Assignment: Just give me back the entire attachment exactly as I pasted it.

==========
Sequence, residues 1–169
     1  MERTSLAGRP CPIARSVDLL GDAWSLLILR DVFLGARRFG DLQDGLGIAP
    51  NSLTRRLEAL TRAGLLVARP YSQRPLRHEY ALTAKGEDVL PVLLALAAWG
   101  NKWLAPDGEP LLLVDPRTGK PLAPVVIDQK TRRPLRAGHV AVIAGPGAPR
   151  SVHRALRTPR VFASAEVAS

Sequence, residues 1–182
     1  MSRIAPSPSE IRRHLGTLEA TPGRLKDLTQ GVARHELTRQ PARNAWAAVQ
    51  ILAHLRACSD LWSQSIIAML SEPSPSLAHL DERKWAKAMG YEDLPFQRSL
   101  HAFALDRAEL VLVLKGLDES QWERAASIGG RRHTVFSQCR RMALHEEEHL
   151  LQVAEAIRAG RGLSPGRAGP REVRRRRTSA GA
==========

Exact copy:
Sequence, residues 1–169
     1  MERTSLAGRP CPIARSVDLL GDAWSLLILR DVFLGARRFG DLQDGLGIAP
    51  NSLTRRLEAL TRAGLLVARP YSQRPLRHEY ALTAKGEDVL PVLLALAAWG
   101  NKWLAPDGEP LLLVDPRTGK PLAPVVIDQK TRRPLRAGHV AVIAGPGAPR
   151  SVHRALRTPR VFASAEVAS

Sequence, residues 1–182
     1  MSRIAPSPSE IRRHLGTLEA TPGRLKDLTQ GVARHELTRQ PARNAWAAVQ
    51  ILAHLRACSD LWSQSIIAML SEPSPSLAHL DERKWAKAMG YEDLPFQRSL
   101  HAFALDRAEL VLVLKGLDES QWERAASIGG RRHTVFSQCR RMALHEEEHL
   151  LQVAEAIRAG RGLSPGRAGP REVRRRRTSA GA